Shortage of nurses hits health sector

DUBAI — Shortage of nurses is beginning to tell on the UAE health sector and government hospitals are pushing for more benefits and for the upgrading of the recruitment system to retain the experienced nursing workforce currently available.

By Asma Ali Zain And Lily B. Libo-on (Our staff reporters)

Published: Mon 9 Jun 2008, 1:44 AM

Last updated: Sun 5 Apr 2015, 6:25 PM

The seriousness of the issue can be gauged from hospital statistics. Internationally, the ratio of nurses to patients is set at 1:5, in general, and one nurse to one or two patients at the most for the Intensive Care Unit (ICU) of each hospital.

But, this is not the case in the UAE. One hospital in the Al Baraha area of Dubai has a ratio of one nurse to 10 patients, and in the ICU, one nurse to four patients.

The situation has been so for the past few years as more nurses in this region are tempted to proceed to the United States and the European countries reportedly offering family and immigrant visas in lieu of the usual work visas to experienced nurses and their families.

The UAE has been home to nurses from several countries with 40 per cent of them coming from India, followed by Filipinos 30 per cent and the remaining 30 per cent is shared by local nurses and those coming from other Arab countries. Of the 30 per cent, the local nurses comprise mere 4-7 per cent.

Most of them have spent more than three years in the UAE. But, with the current skyrocketing of prices of basic commodities and the spiralling cost of villas and houses, many have opted to leave the UAE and take up jobs in the West.

Mitzel (not her real name), a Filipino nurse who has been working in Al Wasl Hospital for 17 years, told Khaleej Times that she has been witness to the growth of Dubai from a mainly barren municipality to the modern city with skyscrapers all around.

"When I came here, the government provided me free housing and even food. But, nurses lose their accommodation when they marry. Bringing up our children here has become very difficult as everything is expensive, particularly the flats and villas," she lamented.

She has started looking for jobs in the United States, where most Filipino nurses go nowadays because of lucrative offers, including family visas and relocation allowances.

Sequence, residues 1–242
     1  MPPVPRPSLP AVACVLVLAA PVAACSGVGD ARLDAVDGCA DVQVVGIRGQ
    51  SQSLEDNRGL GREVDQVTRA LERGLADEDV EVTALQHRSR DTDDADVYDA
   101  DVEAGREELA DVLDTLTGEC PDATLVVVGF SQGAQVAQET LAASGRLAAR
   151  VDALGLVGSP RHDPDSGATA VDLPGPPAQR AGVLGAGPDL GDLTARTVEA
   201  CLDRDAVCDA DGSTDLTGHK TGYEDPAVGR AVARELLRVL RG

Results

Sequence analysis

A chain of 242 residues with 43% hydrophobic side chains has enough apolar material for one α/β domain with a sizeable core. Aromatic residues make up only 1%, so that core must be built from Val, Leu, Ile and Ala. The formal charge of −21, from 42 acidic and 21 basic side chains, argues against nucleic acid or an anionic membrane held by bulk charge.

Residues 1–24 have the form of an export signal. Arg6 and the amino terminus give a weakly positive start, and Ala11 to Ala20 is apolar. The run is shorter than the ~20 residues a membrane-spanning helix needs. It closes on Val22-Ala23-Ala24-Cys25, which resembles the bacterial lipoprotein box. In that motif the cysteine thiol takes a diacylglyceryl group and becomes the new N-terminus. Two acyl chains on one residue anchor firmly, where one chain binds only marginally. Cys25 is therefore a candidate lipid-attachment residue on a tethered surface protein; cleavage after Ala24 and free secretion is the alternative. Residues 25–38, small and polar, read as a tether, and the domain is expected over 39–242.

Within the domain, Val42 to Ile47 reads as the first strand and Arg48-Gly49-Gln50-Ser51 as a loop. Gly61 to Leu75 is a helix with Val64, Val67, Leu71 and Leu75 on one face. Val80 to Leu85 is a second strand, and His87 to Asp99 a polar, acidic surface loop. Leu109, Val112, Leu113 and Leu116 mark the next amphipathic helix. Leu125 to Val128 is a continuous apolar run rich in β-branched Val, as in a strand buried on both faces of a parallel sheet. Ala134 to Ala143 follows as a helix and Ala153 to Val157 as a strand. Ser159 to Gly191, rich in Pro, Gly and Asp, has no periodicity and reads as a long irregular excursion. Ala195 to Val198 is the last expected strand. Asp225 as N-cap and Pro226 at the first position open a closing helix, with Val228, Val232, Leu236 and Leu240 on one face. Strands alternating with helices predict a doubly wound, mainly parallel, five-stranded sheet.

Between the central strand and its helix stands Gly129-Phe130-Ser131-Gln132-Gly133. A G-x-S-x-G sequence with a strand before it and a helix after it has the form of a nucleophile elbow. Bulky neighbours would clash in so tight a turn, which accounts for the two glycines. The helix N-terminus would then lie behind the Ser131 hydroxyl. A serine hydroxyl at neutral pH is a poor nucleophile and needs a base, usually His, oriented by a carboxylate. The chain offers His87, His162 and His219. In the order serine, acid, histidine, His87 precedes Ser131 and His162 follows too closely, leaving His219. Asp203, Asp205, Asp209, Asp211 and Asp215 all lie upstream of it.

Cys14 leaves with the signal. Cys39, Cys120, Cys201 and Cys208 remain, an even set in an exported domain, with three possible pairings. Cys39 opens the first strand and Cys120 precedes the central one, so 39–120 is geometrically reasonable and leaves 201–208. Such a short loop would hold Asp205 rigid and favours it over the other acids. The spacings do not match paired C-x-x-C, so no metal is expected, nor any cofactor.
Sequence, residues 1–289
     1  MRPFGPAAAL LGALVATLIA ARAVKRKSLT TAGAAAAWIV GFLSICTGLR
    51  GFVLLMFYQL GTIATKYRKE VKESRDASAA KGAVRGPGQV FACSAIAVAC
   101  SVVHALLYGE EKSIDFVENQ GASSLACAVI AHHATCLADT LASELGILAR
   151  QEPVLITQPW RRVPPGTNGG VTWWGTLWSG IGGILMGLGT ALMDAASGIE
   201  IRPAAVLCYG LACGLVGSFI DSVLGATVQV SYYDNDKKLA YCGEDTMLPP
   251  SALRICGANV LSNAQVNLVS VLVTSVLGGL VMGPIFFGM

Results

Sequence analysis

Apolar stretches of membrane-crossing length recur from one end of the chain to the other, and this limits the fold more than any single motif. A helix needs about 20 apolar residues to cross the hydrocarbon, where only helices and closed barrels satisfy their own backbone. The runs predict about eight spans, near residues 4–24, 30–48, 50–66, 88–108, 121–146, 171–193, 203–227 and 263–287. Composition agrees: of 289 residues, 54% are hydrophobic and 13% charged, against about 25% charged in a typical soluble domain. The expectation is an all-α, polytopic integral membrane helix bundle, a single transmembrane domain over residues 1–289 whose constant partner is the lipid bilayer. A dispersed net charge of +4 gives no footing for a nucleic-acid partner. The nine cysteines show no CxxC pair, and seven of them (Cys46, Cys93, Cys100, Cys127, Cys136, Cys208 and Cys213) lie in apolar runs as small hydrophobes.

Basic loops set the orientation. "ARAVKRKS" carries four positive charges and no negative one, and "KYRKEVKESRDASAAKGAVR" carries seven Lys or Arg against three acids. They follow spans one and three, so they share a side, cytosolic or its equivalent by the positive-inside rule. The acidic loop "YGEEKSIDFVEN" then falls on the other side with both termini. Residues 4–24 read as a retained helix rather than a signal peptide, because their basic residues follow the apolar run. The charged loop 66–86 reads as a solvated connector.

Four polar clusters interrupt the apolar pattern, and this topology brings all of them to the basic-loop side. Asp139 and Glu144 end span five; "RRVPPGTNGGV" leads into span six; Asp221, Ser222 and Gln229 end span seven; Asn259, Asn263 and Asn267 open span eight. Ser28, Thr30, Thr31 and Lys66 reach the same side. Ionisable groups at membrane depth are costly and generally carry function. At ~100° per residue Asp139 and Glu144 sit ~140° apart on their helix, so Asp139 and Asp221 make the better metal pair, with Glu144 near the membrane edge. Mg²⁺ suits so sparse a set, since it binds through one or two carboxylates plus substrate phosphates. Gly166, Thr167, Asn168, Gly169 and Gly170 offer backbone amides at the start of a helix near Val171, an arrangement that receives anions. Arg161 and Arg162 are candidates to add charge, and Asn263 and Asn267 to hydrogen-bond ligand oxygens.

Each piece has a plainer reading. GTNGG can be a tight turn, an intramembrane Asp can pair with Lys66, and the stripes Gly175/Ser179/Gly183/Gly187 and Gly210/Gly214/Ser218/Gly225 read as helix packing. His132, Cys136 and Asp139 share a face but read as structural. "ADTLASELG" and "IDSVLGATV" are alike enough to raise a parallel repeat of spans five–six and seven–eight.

An Indian nurse at Dubai Hospital, who requested anonymity, said she has been working with this hospital for five years. Yet, she has plans to get a job in London as she is feeling the pinch of high cost of living in the UAE.

"If the situation was the same as five years ago, I would stay on. But, it is different now. Everything is getting expensive and the salary raise is not enough to make ends meet in Dubai," she said.

Dr. Mustafa Al Hashim, Director of Al Baraha Hospital, decries the fact that most nurses coming recently to UAE are just making Dubai as the jump-off point to go to western countries.

He said that as of now, the hospital is trying to rotate all doctors and nurses in their duty to make up with the imbalance in the nurse-patient ratio. However, he is pushing for immediate solution to the shortage of nurses in the UAE as the population continues to grow and compulsory insurance is being introduced by the government.

"Previously, people used to go and buy medicines over the counter without a doctor's prescription. But compulsory insurance is changing this trend. Families are turning to hospitals because they know they have insurance coverage," Dr. Al Hashim added.

The Al Baraha Hospital is a 205-bed capacity. It has 200 nurses and 100 doctors yet it is receiving 200 to 300 emergency patients, 10 to 15 new-born babies daily, and around 500 to 800 daily outpatients.

"This number will continue to swell as more insurance-covered workers come to the hospitals and population in this area increases," he said.

The hospitals in the country, including Al Baraha Hospital, have pushed for more benefits, increased salary and improved recruitment system for the nurses. "This is the only way to keep them," he stressed.

Newcomers, many of them without MoH and DoH certificates, are now being accommodated, even though they are on visit visa to narrow the discrepancy. Again, they told Khaleej Times, they just accept this job to get the required overseas experience required of them by hospitals in the West to get better jobs in the US and Europe.

Recognising the shortage of nurses, health officials said several steps have been taken, including allowing nurses on visit visa to take up jobs in the country.

A senior official from the MoH said that the ministry had taken these steps to meet the shortage in both public and private sectors.

"Nurses are permitted to take the nursing examination of the MoH and take up work in the private sector on conditions," said the official.

Among other steps by the MoH to encourage expatriate nurses to join the workforce in the UAE, is reduction of the number of years mandatory to serve at public sector institutes after graduation.

According to the official, at least 43 per cent of the MoH's manpower are nurses. "There were also not enough nurses being supplied by the internal education sector to meet the country's needs, and only four to seven per cent of the country's nurses are nationals," said the official.

He said the shortage of advanced nursing programmes, combined with outdated nursing curricula, have forced many young nursing students to go abroad for their training, which leads to problems as several of them never return.

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